Business Etiquette – A Competitive Edge
I am not telling you anything new when I say businesses in Australia (and for that matter around the world) have experienced some tuff times over the past few years. When in this volatile state, business owners can get caught up in the day to day, the changes in their business circumstances (which were out of their control) and basically just go into survival mode.
Spending has been tight and has needed to be focused on the critical rather than the global. So, having ridden the ride and balanced on the wire, what can business owners do to standout above the noise but not spend a fortune.
Have you thought about etiquette as a competitive edge in your customer service?
I don’t know about you but there are many things that businesses do that really turn me off. To name only a few … Being late for appointments (or just not turning up at all) without so much as a phone call. Rushing through what they want to tell me rather than listening to what I want. Only making contact with me when they want me. And my really big gripe … leaving their mobile phones on when meeting with me and (in the worst events) taking calls and responding to texts (arrrgh!).
Etiquette is not an archaic way of behaviour. It is about a way of behaviour that makes the other person feel comfortable and responsive. There are many actions a business owner and their staff can take to demonstrate good etiquette, but here are just a few:
Do What you Say
As mentioned above, there is nothing more frustrating for a customer/client than expecting something to find it does not happen. Remember, your customer/client’s time is just as important to them as your’s is to you. If you say you are going to do something and you don’t then word will get around and the phone will stop ringing. We all know unforeseen circumstances happen, however, how hard is it to organise a phone call to a customer/client to say you are running a bit late or to explain circumstances that mean you are sorry that you can’t meet what you said you would do but this is what you are going to do about it.
Have you ever experienced a situation where either a business is talking at you and not listening to you or quite frankly looks like the representative is falling asleep and/or would rather be elsewhere? If you want the customer/client then BE PRESENT! It is about them not you! I am not suggesting you have to totally not move conversation along, but if you want to do better than your competitor, then listen and understand what your customer/client is asking so you can provide the best solution.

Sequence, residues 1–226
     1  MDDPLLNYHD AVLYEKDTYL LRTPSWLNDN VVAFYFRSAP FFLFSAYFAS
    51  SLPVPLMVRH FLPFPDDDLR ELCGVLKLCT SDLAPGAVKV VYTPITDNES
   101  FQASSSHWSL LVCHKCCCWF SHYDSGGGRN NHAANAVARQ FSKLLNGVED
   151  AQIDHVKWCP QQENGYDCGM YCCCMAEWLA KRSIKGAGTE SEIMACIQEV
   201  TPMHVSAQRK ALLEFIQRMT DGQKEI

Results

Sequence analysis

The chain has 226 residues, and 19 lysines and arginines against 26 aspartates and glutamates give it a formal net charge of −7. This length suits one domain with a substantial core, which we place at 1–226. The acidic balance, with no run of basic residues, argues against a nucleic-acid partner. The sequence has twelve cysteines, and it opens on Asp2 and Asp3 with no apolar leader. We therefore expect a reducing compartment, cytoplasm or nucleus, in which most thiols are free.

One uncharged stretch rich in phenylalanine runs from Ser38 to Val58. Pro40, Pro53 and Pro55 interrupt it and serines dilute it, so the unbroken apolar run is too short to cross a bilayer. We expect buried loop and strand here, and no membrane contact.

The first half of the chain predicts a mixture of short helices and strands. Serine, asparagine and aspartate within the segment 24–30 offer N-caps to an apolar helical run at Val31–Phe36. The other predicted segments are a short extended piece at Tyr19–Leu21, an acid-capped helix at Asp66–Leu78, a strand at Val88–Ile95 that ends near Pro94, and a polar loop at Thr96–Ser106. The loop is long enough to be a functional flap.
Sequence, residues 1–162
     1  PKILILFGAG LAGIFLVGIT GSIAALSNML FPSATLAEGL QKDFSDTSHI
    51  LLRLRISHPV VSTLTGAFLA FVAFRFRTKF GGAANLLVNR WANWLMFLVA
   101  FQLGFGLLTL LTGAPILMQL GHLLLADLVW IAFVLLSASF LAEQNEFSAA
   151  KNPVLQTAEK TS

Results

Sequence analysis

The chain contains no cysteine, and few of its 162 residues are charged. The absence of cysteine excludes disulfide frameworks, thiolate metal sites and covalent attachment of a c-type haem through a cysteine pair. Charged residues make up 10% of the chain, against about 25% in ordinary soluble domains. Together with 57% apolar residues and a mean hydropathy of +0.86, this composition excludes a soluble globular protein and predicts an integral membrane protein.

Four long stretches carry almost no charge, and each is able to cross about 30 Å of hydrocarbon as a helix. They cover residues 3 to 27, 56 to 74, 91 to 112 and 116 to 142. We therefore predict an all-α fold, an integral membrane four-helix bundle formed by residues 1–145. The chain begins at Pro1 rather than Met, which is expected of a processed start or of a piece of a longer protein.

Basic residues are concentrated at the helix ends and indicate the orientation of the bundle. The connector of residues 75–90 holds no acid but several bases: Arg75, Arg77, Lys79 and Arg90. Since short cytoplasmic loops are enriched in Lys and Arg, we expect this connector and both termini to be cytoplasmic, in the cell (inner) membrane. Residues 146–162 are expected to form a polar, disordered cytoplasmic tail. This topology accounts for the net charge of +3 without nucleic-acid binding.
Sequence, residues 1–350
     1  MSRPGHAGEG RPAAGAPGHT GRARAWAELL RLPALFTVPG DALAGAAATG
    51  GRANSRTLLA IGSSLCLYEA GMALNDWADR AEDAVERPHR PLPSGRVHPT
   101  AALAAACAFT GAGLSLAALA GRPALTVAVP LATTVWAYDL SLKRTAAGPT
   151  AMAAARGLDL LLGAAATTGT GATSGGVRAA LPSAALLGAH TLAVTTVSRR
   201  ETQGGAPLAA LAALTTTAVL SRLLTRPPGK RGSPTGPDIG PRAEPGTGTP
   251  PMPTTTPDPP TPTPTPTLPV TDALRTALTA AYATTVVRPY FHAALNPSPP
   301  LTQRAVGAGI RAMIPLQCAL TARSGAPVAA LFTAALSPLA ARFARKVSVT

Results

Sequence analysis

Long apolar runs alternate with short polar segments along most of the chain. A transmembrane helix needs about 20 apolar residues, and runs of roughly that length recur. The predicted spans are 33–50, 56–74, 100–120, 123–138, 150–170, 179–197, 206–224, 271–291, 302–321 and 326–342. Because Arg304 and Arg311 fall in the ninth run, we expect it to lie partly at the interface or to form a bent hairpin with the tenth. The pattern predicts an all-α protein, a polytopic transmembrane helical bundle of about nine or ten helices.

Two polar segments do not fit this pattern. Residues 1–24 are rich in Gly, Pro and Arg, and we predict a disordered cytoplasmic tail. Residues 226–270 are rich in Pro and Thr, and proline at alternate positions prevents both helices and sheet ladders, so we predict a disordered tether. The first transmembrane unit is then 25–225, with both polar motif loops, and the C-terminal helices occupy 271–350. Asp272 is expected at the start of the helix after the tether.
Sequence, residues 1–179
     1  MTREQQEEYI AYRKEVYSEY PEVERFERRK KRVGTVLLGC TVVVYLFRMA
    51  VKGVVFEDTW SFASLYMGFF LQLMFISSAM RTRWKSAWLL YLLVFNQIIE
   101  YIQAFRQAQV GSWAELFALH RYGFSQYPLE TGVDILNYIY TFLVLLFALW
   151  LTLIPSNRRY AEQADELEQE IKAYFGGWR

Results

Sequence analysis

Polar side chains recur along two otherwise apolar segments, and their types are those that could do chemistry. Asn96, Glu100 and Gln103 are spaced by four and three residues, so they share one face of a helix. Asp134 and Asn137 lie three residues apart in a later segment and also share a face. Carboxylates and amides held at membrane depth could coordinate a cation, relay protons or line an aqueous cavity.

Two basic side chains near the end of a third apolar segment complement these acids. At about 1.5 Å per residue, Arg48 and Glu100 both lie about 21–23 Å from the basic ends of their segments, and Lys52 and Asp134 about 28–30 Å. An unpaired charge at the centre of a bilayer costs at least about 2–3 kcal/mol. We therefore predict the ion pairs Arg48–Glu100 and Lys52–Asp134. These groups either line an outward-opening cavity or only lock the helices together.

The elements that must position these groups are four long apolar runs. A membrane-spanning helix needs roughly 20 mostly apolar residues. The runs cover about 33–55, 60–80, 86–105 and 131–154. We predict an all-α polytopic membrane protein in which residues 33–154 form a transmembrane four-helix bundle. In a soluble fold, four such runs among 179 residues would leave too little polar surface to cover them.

Thank-you seems to be becoming extinct from our vocabulary. And yet it is such a simple but powerful word. People respond to being appreciated and recognised. Thank-yous can take many forms from saying thank-you in person, shouting out thank-you on social media to symbols of thank-you like notes, a small gift (like a scratchy) etc. By way of example, here at Balanix we send a hand written note and some scratchies to those who refer clients to us to let them know how much we appreciate what they have done for our buisness.
If you are blogging a case study using a real customer/client situation – ask them if it is OK.
If you have received a lovely testimonial/review from a customer/client and you want to publish it on your website or social media pages – ask them if it is OK.
If you wish to let the world know which terrific customer/client you have done business with – ask them if it is OK.
Don’t just assume that others will be OK with what you want to do with the information.
And yes, I will tackle the pet peeve …
As indicated above, if you really want to secure the customer/client/sale … be present. Don’t answer your mobile phone when talking/meeting with someone … Don’t read and/or respond to a text, or check your Facebook or Twitter or Instagram or Google+ etc … remember, you want to impress this person … not make them feel that someone or something is more important.
I was impressed with the mobile message a friend in real estate has on their mobile (something along these lines):
“Hi, this is Jack Smith from Smith Real Estate. Unfortunately I can’t take your call right now as more than likely I am with a client at the moment. As a courtesy to them I have turned my mobile phone off so I can give them my best attention and service I can offer. I appreciate you phoning me and if you could please leave your name and contact number I will phone you back as soon as I can offer you my same focus.”
Running a business is tuff … but being courteous and considerate can do wonders!